The parts that we should focus on instead are the lower values during the deep sleep phases when the body is completely still. The values then represent the natural variability of a free-running heart. These valleys are typically lower when one goes to bed very tired (a tough day at work, heavy exercise), and they get higher during the night as the body and the mind get refreshed. In the picture above, it grew gradually from 17 at the beginning of the night to more than 40 in the valleys at the end.
The actual values vary heavily among different people. We cannot generally pinpoint a “good” or “bad” number. However, they make sense in a longer-term individual context. You will surely notice these developments, having followed your HRV measurements for some time.
A Drunken Marathoner’s Chart
Compare the previous screenshot with this one.
Solely for the sake of education and enlightenment of myself and the readers, I underwent a dangerous experiment of drinking more than just a couple of beers.
The effects are obvious. The heart is boosted by the alcohol, it beats much faster than normal, and the variability gets close to zero. The values get better throughout the night, but they never return to my normal resting values.
Even though the drinker may seem to be sleeping happily, the actual nature of the underlying physiological processes is very different from normal healthy sleep.
I also get very similar readings after an unusually heavy exercise, such as running a marathon. The body is completely exhausted by the unaccustomed performance, and even a whole night of good sleep is not enough to fully recover.
Some professional coaches are using this kind of HRV analysis to monitor the training progress of athletes and to adjust their training load.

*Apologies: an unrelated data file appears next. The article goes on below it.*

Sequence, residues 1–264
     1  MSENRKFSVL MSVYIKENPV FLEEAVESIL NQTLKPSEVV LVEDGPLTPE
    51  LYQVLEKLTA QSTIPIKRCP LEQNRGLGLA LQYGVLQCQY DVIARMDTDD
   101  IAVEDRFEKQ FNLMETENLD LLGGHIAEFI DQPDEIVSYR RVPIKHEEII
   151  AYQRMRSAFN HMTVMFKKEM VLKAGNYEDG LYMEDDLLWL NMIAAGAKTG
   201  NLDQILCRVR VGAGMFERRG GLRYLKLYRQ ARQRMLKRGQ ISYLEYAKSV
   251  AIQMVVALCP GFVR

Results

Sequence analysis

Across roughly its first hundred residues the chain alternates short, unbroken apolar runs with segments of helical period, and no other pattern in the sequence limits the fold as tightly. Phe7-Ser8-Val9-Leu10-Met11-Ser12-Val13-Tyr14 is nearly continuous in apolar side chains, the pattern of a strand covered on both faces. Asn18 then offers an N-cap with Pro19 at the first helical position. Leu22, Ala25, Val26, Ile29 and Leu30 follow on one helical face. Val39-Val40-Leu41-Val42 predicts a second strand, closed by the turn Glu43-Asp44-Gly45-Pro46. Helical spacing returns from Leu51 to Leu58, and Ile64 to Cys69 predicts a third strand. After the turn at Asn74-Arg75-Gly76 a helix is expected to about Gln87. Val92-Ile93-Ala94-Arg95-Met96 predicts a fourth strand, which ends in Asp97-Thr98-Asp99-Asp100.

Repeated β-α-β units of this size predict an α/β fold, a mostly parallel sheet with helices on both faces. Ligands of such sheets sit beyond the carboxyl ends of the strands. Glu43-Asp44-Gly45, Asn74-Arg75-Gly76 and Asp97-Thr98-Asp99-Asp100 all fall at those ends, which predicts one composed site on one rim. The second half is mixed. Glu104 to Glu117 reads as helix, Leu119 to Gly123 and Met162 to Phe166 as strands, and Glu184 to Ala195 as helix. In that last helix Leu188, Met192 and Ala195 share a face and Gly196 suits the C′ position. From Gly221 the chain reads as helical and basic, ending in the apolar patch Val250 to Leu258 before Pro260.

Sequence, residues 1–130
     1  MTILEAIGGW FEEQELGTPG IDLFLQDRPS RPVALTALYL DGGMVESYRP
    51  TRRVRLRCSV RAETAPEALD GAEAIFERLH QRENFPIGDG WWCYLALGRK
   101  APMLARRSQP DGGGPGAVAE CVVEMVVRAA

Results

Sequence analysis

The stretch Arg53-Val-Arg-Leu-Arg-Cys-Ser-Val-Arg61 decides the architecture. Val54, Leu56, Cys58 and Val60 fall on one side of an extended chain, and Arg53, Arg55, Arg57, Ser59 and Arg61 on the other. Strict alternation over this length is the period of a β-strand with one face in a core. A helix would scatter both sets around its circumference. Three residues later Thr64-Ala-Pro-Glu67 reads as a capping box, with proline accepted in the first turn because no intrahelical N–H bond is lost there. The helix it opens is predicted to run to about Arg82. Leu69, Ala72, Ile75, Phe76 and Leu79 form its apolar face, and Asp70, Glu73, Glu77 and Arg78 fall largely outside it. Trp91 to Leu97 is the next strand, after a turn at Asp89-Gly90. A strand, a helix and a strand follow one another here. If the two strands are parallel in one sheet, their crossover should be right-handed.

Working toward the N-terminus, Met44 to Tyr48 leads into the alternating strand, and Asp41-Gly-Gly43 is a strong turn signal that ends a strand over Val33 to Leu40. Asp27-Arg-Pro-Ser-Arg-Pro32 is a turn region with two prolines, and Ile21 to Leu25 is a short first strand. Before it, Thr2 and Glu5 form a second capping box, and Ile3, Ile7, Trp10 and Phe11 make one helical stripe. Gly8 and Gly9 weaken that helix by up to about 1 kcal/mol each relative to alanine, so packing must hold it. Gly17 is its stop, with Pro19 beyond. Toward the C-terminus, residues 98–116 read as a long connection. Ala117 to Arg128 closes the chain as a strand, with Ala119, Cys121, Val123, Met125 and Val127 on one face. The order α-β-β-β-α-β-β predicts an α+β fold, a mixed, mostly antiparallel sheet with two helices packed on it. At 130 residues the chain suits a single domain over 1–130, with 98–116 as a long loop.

Resting HRV Before Awake
From the short-term HRV charts demonstrated above, we extract a single number that should correspond to the overall quality of your rest. We take one of the lower readings at the end of the night (technically, the 10th percentile from the last two hours) and call it HRV Before Awake. Analogously, we compute the same statistic for the first 2 hours (HRV after onset). Sleep record detail displays the two values at the bottom:
When you go to bed after a hard day and have a night of good quality sleep, the “After” value tends to be way higher than the “Before”. However, if you are not that tired in the evening, the value may remain roughly the same.
There are new items on the Charts/Trend screen. “HRV before awake” shows, well, the long term development of the HRV before awake.
“(+) HRV before awake” combines both values (after onset, before awake) in a single chart. Each night is represented by a bar, showing the two data points. If HRV increased during the night, the bar is violet, otherwise red.
This is a proprietary method that we invented to accommodate the fact that we measure the heart activity only during sleep and we need to find the representative values in a bunch of noise.
There is another approach, used by some health/fitness apps: The measurement is taken every morning just after wake-up, recording the heart for several minutes, before getting off the bed and starting usual daily activities.
Most people find this procedure too demanding. Some simply do not have the extra few minutes in the morning, others fall asleep again during the measurement.
If you are among those who are willing to adopt this regular routine, you may want to try an app specialized in this task, StressLocator by Happy Electronics. It may provide more detailed insights, as the measurements are taken under controlled conditions and permit different methods of analysis.
Total HRV for a night